Berlin Experiences Best of All Worlds in Bernstein Operetta


 Leonard Bernstein, Candide (comic operetta in 2 acts): Staatsopernchor, Staatskapelle Berlin/Wayne Marshall (conductor), Schiller Theater, Berlin, Sunday 21st September 2014 (MC)

Candide, Staatsoper Berlin © Clärchen und Matthias Baus (1)

Candide, Staatsoper Berlin © Clärchen und Matthias Baus

Candide: Leonardo Capalbo
Cunegonde: Elin Rombo
Pangloss / Martin / Señor II: Graham F. Valentine
Maximilian / Inquisitor II / Judge II / Captain / King Hermann Augustus: Arttu Kataja
Paquette: Annika Schlicht
The Old Lady: Anja Silja
Governor / Señor I / Vanderdendur / Sultan Achmet / Crook: Wolfgang Schwaninger
Inquisitor I / Judge I / Prince Charles Edward / Ragotski: Stephen Chambers
Inquisitor III / Judge III / Tsar Ivan: Grigory Shkarupa
King Stanislaus: Dominik Engel
Hosi Bohgs: Kurt Varges


Director: Vincent Boussard
Set design: Vincent Lemaire
Costume design: Christian Lacroix
Lighting: Guido Levi
Choreography: Helge Letonja
Choir trainer: Martin Wright
Dramaturgie: Katharina Winkler



It was Leonard Bernstein and dramatist Lillian Hellman who shaped Voltaire’s picturesque novella Candide into a comic operetta. Over the years a number of hands have been involved with the text namely Richard Wilbur, Stephen Sondheim, John LaTouche, Lillian Hellman, Dorothy Parker and Leonard Bernstein himself while Bernstein’s wife Felicia Montealegre had involvement in the lyrics to ‘I Am Easily Assimilated’. It seems that Hershy Kay was responsible for most of the orchestration apart from the famous overture which Bernstein completed himself. When Candide first opened on Broadway in 1956 it was a box office disaster and ran for just two months. After a series of revivals it is now undoubtedly becoming recognised as a jewel  – albeit with imperfections.

The fairy-tale scenario of Candide mixed with pungent satire basically follows the globe-trotting adventures of Candide, the illegitimate nephew of a German baron. Candide grows up in a castle, under the guidance of scholar Dr. Pangloss, falls head over heels for the baron’s daughter Cunegonde and the baron throws him out. This incident sparks an extraordinary series of calamities, often of an ‘adult’ variety, for the characters. Candide and Cunegonde are at long last united and in the grand finale ‘Make Our Garden Grow’ they dream of settling down on a small farm for a chocolate-box ending.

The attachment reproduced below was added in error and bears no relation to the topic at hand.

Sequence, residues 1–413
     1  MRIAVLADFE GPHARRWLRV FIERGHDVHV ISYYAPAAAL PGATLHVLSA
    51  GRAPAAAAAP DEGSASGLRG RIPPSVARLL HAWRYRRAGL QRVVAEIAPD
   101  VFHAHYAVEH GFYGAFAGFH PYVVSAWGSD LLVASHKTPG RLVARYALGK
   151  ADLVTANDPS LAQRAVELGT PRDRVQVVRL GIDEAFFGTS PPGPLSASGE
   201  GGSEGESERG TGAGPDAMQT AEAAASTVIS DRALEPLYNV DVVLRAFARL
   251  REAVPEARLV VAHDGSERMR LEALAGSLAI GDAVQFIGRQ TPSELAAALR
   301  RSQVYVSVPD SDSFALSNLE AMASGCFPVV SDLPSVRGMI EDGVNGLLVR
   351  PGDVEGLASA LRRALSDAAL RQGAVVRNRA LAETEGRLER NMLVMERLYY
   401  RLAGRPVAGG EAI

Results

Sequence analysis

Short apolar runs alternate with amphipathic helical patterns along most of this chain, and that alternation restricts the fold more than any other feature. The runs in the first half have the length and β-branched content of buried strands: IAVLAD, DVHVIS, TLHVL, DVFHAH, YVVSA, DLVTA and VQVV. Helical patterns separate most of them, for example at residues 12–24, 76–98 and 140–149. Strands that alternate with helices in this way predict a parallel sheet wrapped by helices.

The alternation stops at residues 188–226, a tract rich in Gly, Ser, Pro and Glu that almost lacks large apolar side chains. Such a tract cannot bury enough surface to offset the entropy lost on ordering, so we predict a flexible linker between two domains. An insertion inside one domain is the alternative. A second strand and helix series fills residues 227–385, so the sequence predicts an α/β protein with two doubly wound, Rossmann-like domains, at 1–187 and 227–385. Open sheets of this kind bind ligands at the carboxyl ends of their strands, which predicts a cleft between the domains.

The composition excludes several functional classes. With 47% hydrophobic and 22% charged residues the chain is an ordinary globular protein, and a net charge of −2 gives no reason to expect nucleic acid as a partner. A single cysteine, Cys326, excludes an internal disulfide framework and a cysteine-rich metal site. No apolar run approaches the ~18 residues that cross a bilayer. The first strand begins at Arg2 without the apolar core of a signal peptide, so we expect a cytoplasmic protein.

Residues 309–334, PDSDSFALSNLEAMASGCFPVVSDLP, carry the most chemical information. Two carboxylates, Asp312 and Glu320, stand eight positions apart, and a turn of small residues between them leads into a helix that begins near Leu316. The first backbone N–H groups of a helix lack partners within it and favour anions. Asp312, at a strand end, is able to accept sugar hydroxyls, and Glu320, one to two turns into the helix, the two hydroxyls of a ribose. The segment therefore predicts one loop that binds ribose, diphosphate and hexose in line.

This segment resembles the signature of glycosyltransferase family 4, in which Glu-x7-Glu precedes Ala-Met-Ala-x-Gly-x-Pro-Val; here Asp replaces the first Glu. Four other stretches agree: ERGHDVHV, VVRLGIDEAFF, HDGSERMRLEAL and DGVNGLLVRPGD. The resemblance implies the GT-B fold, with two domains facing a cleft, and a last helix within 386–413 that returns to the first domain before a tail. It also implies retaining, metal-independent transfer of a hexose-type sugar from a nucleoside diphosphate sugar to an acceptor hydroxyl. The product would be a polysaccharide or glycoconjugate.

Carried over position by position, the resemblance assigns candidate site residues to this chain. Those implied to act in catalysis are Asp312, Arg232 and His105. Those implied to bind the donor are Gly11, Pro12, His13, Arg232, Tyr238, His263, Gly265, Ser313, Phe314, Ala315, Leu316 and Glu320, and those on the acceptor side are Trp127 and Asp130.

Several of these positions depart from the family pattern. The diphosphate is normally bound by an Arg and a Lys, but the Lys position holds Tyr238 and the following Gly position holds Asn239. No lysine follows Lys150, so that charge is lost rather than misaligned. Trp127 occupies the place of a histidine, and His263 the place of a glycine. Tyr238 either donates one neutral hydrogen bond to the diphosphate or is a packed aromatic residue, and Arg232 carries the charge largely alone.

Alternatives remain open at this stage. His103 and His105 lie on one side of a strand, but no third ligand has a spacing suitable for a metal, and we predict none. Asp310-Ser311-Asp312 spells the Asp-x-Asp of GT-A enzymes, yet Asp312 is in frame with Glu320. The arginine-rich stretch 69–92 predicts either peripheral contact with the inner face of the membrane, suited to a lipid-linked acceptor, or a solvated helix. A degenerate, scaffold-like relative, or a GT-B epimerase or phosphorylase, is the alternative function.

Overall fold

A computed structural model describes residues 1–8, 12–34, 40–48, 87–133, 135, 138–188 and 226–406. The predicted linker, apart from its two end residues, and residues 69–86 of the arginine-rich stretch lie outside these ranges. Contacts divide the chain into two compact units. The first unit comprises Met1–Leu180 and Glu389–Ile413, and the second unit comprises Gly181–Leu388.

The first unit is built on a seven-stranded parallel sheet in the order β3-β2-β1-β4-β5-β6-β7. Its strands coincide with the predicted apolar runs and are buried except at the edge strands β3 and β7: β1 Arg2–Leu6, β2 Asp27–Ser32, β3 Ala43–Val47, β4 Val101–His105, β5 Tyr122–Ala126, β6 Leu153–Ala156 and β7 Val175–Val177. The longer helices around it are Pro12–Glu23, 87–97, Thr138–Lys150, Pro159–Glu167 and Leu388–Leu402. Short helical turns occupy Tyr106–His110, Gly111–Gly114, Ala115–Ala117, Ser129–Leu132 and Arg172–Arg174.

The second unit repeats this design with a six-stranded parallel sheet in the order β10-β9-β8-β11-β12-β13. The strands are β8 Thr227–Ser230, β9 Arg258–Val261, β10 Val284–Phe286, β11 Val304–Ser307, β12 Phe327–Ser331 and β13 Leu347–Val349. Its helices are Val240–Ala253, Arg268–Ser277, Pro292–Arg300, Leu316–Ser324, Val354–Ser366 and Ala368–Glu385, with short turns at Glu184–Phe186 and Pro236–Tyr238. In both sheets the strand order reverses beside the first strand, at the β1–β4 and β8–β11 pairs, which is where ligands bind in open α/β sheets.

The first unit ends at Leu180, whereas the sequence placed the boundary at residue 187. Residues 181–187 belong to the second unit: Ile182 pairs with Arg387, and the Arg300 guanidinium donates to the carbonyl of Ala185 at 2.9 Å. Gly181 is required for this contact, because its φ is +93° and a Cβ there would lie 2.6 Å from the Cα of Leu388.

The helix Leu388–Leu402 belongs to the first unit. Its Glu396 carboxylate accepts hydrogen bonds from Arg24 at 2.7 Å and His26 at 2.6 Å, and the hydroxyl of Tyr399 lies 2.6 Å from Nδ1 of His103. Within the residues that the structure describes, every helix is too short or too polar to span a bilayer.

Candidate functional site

This stunningly colourful Staatsoper production of ‘Candide’ directed by Vincent Boussard uses the 1989 concert version in the revised 1993 edition for narrator, vocal soloists, chorus and orchestra. Boussard was clearly in his element with this inventive and fast moving scenario containing many cleverly entertaining incidents and the time just flew by. Set designer Vincent Lemaire successfully devised what could be described as an oversized cut away kitchen sink that changed colour with the activity taking place in the base and the chorus looking over the rim of the sink. Most of the action took place on or around a free-standing door frame, complete with a perspex door, requiring at least two of the cast, Candide with a suitcase and Paquette in high heels, to clasp it, climb it and rather precariously recline or sit on it. I did wonder if these potentially hazardous feats warranted danger money. The popular trend in comedies towards using vivid colours had been followed profitably by costume designer Christian Lacroix. Numerous other effects stick in the memory such as Pangloss, appearing as a beggar and owing to syphilis having grown a dark green extremely elongated nose. Amusing or shocking depending on one’s point of view was the portrayal of the Roman Catholic Archbishop in a silver robe and mitre sequined with tawdry fairy lights and the wealthy bearded Jew wearing a long dark coat with an oversized shtreimel the traditional fur headwear.